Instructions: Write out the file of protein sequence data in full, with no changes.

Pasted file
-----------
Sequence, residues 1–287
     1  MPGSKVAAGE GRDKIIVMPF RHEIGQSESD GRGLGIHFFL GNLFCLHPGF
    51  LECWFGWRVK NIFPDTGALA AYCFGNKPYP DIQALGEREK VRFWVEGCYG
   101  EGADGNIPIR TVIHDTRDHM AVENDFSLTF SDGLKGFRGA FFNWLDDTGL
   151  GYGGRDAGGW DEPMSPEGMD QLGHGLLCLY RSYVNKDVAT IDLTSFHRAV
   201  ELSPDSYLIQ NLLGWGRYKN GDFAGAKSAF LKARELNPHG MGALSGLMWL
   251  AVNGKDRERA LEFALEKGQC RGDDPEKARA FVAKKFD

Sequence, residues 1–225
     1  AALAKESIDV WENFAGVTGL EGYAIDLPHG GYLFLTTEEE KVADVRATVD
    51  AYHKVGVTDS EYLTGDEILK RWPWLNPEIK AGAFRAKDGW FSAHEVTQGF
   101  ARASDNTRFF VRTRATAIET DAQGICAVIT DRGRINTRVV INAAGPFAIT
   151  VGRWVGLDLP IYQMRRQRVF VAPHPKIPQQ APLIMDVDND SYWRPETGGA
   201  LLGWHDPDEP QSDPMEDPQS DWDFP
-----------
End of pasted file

Sequence, residues 1–287
     1  MPGSKVAAGE GRDKIIVMPF RHEIGQSESD GRGLGIHFFL GNLFCLHPGF
    51  LECWFGWRVK NIFPDTGALA AYCFGNKPYP DIQALGEREK VRFWVEGCYG
   101  EGADGNIPIR TVIHDTRDHM AVENDFSLTF SDGLKGFRGA FFNWLDDTGL
   151  GYGGRDAGGW DEPMSPEGMD QLGHGLLCLY RSYVNKDVAT IDLTSFHRAV
   201  ELSPDSYLIQ NLLGWGRYKN GDFAGAKSAF LKARELNPHG MGALSGLMWL
   251  AVNGKDRERA LEFALEKGQC RGDDPEKARA FVAKKFD

Sequence, residues 1–225
     1  AALAKESIDV WENFAGVTGL EGYAIDLPHG GYLFLTTEEE KVADVRATVD
    51  AYHKVGVTDS EYLTGDEILK RWPWLNPEIK AGAFRAKDGW FSAHEVTQGF
   101  ARASDNTRFF VRTRATAIET DAQGICAVIT DRGRINTRVV INAAGPFAIT
   151  VGRWVGLDLP IYQMRRQRVF VAPHPKIPQQ APLIMDVDND SYWRPETGGA
   201  LLGWHDPDEP QSDPMEDPQS DWDFP